Aroids
Philodendron review
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Philodendron review

In this post I would like to introduce you to the plant genus that gained a lot of publicity lately – philodendrons. If you follow Kaylee Ellen’s vlog, you are perfectly aware that we can find a philodendron (and not only one) on every level of the “rarity scale”. The Philodendron spiritus-sancti is now the Holy Grail in the mind of every plant collector with his over the roof prices (the highest price that I saw, was 6000 USD, sic!). Pricey and rare now, because there are only six (!) known specimens left in the wild due to rainforest devastation.

With almost five hundred described species, it the second-largest genus in the Araceae family (colloquially known as aroids). Let’s face it – almost everyone has a philodendron, even if they don’t know it. Why are they so popular? First of all, there are a lot of species in this genus which are easy to care for, even though they originally come from South American rainforest. Secondly, their foliage variety is simply stunning – from small heart-shaped ones, trough the spear-shape, to huge, undulated, twice the size of your head, as well as pinnated ones. You can get a tree and you can get a trailing space-saving beauty. Don’t get me started on their colour variety, there is something for everyone: for baroque or minimalist interiors. The choice is yours. Most philodendrons are also easy to propagate, which makes them available for mass production.

I want to show you my small collection and guide you through basic plant care. I will take into account some of the nursing nuances and my personal experience.

Soil

Ideal potting mix for philodendrons

There are different levels of mastery here. Factors affecting the type of substrate that we are going to use are your patience (yes!), the fussiness of the plant and the effect that you are tying to achieve. What we are looking for in our ideal mix:

  • pH – 4.5 – 6.0 (fairly acidic then)
  • good aeration
  • adequate water retention
  • warm soil

The most common philodendron mix that you find in hip plant books and on basic plant-care sites (and that The Aroid Society does not approve of, believe me), is as follows (you have to take one part of each medium and mix it together):

  • universal potting soil
  • peat moss
  • sand

You are allow to use it. I mean, most of the common philodendrons will survive in it, some of them may even like it, because plants are able to develop some tolerance to their environment. Some of the species are also already used to European houses, because they have been on the market for a long time. By now they look differently than the original species and rarely do they achieve the shape and size of the adult plant in the wild. In good conditions they develop to their middle form. Try to use this mix for common Philodendrons like: scandens, selloum, xanadu, erubescens, mandaianum, micans.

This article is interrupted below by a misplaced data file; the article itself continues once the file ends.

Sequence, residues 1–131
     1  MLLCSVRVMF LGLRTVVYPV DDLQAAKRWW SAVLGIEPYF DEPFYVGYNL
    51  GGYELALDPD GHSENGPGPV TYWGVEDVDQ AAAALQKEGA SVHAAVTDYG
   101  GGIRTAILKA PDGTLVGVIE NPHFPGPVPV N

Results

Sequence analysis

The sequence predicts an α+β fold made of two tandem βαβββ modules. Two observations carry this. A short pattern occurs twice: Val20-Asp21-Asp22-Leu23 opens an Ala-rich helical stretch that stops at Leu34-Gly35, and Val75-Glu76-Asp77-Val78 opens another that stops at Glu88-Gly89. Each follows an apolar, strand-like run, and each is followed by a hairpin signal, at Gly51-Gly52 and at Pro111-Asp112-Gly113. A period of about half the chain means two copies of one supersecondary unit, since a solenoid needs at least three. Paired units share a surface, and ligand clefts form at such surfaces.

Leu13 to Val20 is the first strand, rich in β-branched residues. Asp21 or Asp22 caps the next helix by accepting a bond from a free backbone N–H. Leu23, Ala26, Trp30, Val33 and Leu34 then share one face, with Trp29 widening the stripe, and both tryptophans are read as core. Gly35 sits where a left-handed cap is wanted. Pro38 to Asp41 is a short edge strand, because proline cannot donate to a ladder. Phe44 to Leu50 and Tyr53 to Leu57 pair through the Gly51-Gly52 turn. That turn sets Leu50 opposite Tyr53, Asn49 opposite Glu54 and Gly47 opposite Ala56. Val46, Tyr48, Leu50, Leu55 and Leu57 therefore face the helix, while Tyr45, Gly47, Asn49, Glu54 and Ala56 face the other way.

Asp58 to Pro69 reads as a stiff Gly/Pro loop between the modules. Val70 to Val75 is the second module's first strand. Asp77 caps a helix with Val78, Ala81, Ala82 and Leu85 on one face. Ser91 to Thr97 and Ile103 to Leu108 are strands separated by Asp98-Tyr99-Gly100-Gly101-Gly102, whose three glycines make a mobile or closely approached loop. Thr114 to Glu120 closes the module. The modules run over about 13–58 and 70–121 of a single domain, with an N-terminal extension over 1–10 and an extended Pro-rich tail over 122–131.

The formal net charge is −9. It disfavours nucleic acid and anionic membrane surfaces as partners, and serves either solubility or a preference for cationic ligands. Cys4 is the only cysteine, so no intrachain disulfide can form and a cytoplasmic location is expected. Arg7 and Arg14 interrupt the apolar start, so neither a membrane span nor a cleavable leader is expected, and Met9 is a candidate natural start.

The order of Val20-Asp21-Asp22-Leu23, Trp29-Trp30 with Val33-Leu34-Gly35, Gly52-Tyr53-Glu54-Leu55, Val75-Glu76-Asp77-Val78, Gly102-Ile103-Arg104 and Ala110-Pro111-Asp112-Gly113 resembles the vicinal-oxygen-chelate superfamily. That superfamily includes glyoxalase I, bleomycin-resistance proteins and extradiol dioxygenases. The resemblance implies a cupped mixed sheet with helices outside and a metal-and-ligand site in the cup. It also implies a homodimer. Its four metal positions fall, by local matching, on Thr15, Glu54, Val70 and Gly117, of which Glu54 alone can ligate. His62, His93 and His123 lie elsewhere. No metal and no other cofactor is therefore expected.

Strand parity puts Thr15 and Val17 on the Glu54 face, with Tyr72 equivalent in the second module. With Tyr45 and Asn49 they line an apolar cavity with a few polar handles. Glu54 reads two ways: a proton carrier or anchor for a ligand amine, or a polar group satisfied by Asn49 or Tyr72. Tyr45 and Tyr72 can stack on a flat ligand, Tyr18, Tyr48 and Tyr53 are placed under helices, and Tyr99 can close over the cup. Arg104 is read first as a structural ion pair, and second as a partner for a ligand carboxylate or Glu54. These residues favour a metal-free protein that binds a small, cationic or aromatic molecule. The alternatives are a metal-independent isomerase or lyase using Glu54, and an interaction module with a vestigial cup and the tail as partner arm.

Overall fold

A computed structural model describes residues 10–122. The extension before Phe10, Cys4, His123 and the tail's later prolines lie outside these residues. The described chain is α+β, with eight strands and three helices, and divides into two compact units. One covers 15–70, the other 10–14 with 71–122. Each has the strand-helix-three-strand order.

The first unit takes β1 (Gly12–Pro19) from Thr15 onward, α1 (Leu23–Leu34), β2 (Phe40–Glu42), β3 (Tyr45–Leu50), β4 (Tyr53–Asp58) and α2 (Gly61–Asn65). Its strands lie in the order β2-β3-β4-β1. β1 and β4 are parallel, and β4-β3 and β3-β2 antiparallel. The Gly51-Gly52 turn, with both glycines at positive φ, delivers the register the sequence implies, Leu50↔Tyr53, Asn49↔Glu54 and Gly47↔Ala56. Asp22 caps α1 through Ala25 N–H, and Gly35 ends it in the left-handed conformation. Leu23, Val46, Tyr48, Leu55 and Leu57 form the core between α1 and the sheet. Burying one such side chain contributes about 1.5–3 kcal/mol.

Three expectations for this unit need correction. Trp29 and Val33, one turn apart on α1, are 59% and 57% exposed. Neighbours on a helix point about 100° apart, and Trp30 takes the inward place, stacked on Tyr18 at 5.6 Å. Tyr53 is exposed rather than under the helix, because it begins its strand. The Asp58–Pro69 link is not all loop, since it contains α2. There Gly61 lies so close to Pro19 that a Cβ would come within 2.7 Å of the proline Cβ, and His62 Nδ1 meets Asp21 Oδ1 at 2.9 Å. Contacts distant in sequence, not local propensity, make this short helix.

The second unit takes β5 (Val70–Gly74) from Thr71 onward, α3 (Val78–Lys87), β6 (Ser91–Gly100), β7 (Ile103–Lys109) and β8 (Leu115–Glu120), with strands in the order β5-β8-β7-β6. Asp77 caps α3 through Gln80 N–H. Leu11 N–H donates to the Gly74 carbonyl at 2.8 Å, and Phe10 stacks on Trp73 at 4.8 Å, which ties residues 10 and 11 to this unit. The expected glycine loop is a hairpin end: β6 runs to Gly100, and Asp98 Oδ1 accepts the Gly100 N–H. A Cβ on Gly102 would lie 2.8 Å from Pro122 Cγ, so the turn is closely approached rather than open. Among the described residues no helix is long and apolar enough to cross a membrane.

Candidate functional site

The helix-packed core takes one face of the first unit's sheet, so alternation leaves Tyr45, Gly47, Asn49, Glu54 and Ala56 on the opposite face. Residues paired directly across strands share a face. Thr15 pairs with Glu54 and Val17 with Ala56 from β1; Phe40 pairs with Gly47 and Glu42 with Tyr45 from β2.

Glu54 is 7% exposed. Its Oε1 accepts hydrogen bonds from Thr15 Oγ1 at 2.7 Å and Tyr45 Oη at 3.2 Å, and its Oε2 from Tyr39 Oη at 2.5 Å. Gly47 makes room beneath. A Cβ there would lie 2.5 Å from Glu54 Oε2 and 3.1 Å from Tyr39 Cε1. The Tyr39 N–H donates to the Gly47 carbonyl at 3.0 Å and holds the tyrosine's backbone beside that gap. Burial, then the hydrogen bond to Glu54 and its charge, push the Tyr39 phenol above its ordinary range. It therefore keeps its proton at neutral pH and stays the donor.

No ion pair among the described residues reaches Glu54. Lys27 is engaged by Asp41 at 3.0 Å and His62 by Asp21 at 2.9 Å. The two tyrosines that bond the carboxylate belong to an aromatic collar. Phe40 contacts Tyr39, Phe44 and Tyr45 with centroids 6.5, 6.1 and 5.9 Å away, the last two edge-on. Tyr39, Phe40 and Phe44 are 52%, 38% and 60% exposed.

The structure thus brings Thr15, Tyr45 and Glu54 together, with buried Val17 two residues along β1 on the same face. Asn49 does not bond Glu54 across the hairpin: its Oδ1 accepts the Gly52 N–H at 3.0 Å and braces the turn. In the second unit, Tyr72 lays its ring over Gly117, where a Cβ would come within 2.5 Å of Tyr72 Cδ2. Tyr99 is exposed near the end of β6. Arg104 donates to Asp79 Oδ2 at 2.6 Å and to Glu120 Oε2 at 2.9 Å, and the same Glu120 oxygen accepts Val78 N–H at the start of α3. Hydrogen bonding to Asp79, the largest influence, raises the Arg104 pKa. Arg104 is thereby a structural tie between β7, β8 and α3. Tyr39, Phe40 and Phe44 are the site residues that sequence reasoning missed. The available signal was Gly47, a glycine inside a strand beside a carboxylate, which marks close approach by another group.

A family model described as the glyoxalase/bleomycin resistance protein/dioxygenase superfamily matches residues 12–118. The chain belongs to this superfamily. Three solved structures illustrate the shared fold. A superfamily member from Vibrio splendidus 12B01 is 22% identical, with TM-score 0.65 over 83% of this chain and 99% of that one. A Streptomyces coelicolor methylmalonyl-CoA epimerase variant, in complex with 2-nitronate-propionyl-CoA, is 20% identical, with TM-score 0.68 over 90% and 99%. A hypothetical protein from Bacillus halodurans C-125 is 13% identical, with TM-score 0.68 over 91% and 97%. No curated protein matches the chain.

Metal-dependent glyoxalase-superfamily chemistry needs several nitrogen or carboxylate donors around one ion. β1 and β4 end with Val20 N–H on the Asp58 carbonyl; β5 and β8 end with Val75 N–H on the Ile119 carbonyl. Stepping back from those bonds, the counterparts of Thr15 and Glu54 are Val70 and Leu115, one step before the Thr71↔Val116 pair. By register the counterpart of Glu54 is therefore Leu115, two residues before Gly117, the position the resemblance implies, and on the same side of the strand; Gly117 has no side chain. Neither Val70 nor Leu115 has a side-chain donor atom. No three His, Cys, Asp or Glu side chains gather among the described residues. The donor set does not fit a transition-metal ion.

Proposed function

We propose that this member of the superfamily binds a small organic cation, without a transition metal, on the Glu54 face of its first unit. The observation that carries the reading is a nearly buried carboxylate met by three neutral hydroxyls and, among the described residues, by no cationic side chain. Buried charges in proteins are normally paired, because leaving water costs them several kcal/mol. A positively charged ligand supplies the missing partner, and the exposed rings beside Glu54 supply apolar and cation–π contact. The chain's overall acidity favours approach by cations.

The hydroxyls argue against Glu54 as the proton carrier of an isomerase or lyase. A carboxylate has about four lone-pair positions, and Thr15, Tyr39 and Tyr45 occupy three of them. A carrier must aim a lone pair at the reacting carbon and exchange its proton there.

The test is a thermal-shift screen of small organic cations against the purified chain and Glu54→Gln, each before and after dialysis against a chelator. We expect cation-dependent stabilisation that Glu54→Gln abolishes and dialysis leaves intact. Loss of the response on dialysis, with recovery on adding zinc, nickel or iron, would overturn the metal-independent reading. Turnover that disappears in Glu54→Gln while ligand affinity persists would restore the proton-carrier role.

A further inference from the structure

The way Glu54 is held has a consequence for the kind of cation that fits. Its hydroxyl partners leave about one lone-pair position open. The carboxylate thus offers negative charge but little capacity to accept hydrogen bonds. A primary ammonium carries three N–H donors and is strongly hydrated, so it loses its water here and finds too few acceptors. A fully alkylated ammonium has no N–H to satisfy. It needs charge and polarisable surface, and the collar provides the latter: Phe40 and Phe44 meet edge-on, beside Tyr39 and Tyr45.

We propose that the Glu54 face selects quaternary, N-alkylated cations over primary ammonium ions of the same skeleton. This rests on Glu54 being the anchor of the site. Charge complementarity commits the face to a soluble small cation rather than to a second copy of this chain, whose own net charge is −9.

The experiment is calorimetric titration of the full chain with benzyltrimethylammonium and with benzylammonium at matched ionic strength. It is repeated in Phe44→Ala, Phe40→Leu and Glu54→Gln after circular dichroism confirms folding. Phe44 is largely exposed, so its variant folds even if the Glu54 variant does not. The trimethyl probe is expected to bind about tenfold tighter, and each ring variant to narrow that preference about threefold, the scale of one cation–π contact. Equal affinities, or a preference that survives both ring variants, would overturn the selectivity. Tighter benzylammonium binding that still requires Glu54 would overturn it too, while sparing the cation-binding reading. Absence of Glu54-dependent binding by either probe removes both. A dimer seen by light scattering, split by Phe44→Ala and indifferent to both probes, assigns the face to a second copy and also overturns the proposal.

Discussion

philodendron_xanadu
Philodendron xanadu

What we want though are big, lush leaves and plants that are strong and grow quickly. If you were to visit a rain forest you would quickly notice a few things about the soil that philodendrons grow in. It is composed of leaf litter, decaying wood, compost, animal droppings and the charcoal left behind from forest fires. Remember, most philodendrons don’t grow in the ground, but are attached to other trees. There are actually not so many terrestrial plants in this genus. Rather than using rich, soggy soil and watering only once a week, I prefer to use soil that holds moisture well but drains quickly.

The optimal mix for philodendrons (“tropical mix”):

  • 30% soil
  • 20% peat moss
  • 40% orchid bark with charcoal
  • 10% perlite and/or sphagnum moss
  • hardwood/aquarium charcoal/volcanic rock (optional)

If you want to hang your philodendron in a basket, then feel free to use orchid mix for the potting. They can also grow in hydroponics. As Philodendrons are often epiphytes and hemiepiphytes, they don’t really need soil to grow. Knowledgeable growers can even grow them on a stone (sic!).

Light

Positioning your plant

Now we will consider the next important parameter, light.  In any rain forest, plants fight for their position and large ones often deprive small specimens of nearly all light!  That is the reason why the Philodendron, as well as other species, resorted to climbing trees – they try to reach the light. 

As they grow high on the side of a tree, they morph into what appears to be a different species!  This new morphed “form” is just the adult leaf shape, different than found on the juvenile plant. And if you want to cultivate your plant into the adult form, you should think about giving them more light. Philodendrons rarely like direct sunlight – some will even survive even in a dark bathroom. What they do want is relatively strong, indirect light similar to that found right at the edge of a forest.  If you notice that your plant is getting leggy, you should know that this is not only a sign of insufficient light – it may even mean not enough light for the young form of the plant, which means that you are basically torturing it.

Water

Does it really matter?

As a rain forest species, Philodendrons often experience rain on a daily basis, particularly during the rainy season. And that can last even for six months! So you can’t water them rarely. And if you keep them in a plastic container with heavy soil, then yes, if you water them often, they will rot, but that only means, that you keep your Philodendron in a bad medium/bad pot, not that you have a “heavy hand” with water and you should make longer pauses between waterings. In such conditions your plant is literally getting strangled and the roots will start to rot very fast.